Like many Italians, my father immigrated with his family just after the second world war, they brought with them a wealth of knowledge and culinary skills that have helped to shape the flavours of food we enjoy today. But Italians have been calling Australia home since settlement and in the 1850’s gold rush came people from all over the world looking to strike it rich.
Many Swiss-Italian came to make their new home here during this time, bags bursting with dried spices, aromatic garlic and rich red wines, the flavours they loved so much. Daylesford, Victoria still holds an annual festival preserving their rich heritage. This recipe was known to the Italians as salsiccia or sausages but it was the Australians of the day that gave this sausage, made of beef, pork, red wine and spices, its name – Bull-boar.
If you grew up in Tasmania then you will more than likely have tried or even made your own kangaroo patties, they’re much the same as a normal burger pattie but the Tasmanian kangaroo used have less of a gamey taste, a real treat if you get the chance to try them. But today I’m not making bull-boar sausages nor am I making kangaroo patties… I was recently given some freshly shot kangaroo meat from the apple isle and have opted to try a roo-pork hybrid inspired by a traditional Italian sausage recipe.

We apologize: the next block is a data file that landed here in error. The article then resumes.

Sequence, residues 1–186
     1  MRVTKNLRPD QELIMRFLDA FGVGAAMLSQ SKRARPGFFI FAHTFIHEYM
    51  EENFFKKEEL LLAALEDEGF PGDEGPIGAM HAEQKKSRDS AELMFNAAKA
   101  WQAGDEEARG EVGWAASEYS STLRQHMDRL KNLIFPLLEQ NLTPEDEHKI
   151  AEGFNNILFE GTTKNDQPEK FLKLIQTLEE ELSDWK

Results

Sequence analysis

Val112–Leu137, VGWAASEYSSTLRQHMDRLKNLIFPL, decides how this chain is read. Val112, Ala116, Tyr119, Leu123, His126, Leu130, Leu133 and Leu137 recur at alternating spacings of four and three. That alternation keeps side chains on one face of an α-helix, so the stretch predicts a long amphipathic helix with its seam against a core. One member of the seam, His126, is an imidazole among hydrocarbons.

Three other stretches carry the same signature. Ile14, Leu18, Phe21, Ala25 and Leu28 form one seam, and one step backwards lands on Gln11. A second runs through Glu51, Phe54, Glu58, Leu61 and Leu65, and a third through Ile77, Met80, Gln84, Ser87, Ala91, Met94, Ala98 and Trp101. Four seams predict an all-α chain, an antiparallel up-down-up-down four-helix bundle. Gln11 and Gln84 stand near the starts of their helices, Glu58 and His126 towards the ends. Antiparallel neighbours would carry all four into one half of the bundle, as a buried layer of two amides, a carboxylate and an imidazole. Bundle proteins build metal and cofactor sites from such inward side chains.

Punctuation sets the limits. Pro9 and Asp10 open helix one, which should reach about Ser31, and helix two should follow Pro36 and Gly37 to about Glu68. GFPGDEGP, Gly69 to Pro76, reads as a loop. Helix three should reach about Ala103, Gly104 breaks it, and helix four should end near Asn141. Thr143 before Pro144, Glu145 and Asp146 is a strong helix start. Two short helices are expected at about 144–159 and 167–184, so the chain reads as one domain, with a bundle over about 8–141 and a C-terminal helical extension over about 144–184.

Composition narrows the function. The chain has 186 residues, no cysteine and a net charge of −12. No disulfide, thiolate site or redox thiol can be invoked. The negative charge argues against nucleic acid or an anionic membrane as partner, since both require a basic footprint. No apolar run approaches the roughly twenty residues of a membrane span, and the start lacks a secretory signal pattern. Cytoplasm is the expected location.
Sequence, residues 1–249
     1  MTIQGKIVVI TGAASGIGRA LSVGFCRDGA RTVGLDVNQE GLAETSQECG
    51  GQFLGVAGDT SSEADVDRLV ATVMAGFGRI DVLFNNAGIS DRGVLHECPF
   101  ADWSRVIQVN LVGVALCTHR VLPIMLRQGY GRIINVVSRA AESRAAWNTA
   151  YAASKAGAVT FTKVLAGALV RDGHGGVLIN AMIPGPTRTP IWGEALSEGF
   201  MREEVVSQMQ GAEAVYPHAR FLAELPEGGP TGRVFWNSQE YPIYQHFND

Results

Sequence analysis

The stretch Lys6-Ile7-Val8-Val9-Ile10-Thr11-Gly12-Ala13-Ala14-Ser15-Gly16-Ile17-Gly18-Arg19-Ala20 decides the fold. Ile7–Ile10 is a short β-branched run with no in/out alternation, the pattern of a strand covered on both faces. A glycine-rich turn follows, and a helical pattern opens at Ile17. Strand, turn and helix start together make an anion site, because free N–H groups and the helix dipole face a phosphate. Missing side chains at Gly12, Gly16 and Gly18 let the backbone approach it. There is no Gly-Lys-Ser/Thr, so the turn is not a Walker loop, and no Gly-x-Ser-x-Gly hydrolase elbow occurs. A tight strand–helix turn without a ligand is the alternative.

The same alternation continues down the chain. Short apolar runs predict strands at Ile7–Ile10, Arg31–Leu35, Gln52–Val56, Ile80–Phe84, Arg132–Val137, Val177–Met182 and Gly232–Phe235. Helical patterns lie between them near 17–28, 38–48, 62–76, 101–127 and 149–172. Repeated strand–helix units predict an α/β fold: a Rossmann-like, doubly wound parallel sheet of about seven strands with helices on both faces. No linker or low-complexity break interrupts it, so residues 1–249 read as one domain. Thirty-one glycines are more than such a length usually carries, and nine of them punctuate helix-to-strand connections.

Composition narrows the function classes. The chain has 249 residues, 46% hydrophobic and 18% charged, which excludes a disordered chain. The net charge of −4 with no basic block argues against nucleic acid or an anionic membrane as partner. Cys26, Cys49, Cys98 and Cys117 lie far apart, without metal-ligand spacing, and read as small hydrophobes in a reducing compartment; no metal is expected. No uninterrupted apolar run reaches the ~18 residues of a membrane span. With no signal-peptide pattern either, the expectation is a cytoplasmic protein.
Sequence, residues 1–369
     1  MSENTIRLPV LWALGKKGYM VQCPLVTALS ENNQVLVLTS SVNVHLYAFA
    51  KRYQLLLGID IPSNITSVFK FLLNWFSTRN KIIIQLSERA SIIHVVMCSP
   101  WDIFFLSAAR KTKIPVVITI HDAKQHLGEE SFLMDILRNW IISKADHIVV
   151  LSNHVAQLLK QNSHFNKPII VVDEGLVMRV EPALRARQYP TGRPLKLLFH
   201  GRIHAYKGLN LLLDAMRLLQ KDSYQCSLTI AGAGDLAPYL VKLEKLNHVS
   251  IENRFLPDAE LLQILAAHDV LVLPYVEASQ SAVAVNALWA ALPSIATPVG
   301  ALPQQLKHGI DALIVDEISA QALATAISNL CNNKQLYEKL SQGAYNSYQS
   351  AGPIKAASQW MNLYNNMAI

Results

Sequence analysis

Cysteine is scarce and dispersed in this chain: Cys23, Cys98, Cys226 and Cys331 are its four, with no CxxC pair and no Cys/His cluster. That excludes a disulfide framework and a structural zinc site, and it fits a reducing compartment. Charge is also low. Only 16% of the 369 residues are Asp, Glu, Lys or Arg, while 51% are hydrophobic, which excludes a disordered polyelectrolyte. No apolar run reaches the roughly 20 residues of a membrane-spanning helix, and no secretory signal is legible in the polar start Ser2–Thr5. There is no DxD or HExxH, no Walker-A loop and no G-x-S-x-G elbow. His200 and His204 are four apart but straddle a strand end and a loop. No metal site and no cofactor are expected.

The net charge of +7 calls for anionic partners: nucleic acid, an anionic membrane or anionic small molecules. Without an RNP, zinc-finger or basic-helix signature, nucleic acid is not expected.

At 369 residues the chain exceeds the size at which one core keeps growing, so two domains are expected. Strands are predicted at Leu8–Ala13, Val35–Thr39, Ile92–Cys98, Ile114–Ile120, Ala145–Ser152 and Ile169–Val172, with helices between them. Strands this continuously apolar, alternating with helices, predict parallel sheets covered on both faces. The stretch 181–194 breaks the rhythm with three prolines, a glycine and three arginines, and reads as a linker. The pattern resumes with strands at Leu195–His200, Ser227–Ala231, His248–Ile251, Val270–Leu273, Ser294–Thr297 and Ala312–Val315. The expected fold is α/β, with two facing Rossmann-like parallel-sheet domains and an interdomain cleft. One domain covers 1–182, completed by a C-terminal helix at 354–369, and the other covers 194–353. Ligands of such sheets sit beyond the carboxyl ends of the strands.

There are many variants to this recipe and I’m sure they are all good, this one’s fantastic! A great alternative to this is to cure these sausages into salami, If you are planning on this then five grams sodium nitrate per kilo of sausage filling.
1 natural sausage casing
1kg pork shoulder minced
1kg kangaroo minced
8 cloves garlic
1 nutmeg grated
1 tbs cinnamon
1 tbs ground pimento
1 tbs cayenne peper
1 bottle of red wine (full bodied)
20g black pepper
Combine minced meat with dry ingredients and mix by hand for at least five minutes, mix in red wine and leave to sit overnight in fridge or some place cold. At this stage of making salami of sausages I always fry some of the mixture up for a taste test, delicious! The next day fill sausages, tie them off and let hang to dry for another day before packing for freezing or eating.